Ukrainian Ambassador to the United States Oksana Markarova urged Boston College’s graduating Class of 2023 to ask, “What is it that gives us strength?” during her commencement address on Monday.
“It is you who will be saving our world and taking your University motto ‘Ever to Excel’ to everything you will do in life,” Markarova said. “And you will need all the knowledge, all the faith, and all the strength to be able to do it.”
University President Rev. William P. Leahy, S.J., began the ceremony by welcoming the roughly 4,400 soon-to-be BC graduates, as well as their families and friends watching from the stands in Alumni Stadium or a YouTube livestream at home. He also presented Markarova and four other individuals—including Jerry York, BC ’67—with honorary degrees.
“Our world today desperately needs people of intelligence, faith, and commitment to work for the good of society to help root out racial, social, and economic inequalities, and to strive to bring an end to poverty, illiteracy, and prejudice,” Leahy said.
After offering a round of applause for faculty and staff and family members, Leahy also referenced the Russia-Ukraine War as a call for the graduating students to help make change for the better.
“You are more needed now than ever,” Leahy said. “You are now called to use your gifts and talents for the good of others, to help make our world more just and more at peace.”
In her commencement address, Markarova said responsibility, action, and love are the three most important tools people can wield to make the world better. Markarova also spoke on her experiences as an ambassador amid the Russia-Ukraine War.
“On the one hand, our heart was there with the people who fought on the frontlines,” Markarova said. “On the other hand, our role here is to talk to our partners here, so I will be here to ensure that not only all my friends and partners know what the truth is, but also to convince why it’s important for all of us and ensure support.”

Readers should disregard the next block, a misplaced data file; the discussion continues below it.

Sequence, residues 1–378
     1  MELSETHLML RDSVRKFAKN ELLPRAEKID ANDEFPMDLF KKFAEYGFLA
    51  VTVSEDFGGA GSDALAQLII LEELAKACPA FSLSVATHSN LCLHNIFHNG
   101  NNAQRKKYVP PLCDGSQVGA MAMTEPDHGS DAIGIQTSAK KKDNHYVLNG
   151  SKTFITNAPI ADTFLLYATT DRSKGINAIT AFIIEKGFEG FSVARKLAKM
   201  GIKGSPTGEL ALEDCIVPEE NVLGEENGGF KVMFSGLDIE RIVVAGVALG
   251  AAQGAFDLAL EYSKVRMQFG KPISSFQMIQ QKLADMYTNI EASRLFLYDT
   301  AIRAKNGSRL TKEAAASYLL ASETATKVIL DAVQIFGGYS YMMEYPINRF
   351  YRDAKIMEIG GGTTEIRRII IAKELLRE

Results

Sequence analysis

Markarova called the war a fight—not just for physical land or national identity—but above all, for democracy.
In the press conference following her address, Markarova emphasized that all nations have a shared responsibility to rise to the occasion during this conflict because of its implications for democracy as a whole.
“A free Ukraine has always been a thorn in Russia’s side,” Markarova said. “A strong, successful, democratic, European Ukraine is the worst nightmare Russia has had.”
Following the ceremony, Caroline Bald, MCAS ’23, wiped away loose tears as she exited the stadium and reflected on her four years as a student. She said her most important takeaway from her college experience is to make the most out of the relationships and organizations at BC.
“I’m really just super thankful for my time at BC,” Bald said. “I have no regrets at all. And I think I’ll miss the people the most, my friendships.”
Markarova concluded by telling the graduating class that love is a force for good and urged students to remember the University as a place of freedom as they look ahead.
“Freedom is not a given, democracy is not a given,” Markarova said. “We all have many battles to fight, many obstacles to overcome, many challenges to see through. Where we all together will get strength to do it is in our responsibility to take action for what we love … At that moment you all will become truly extraordinary.”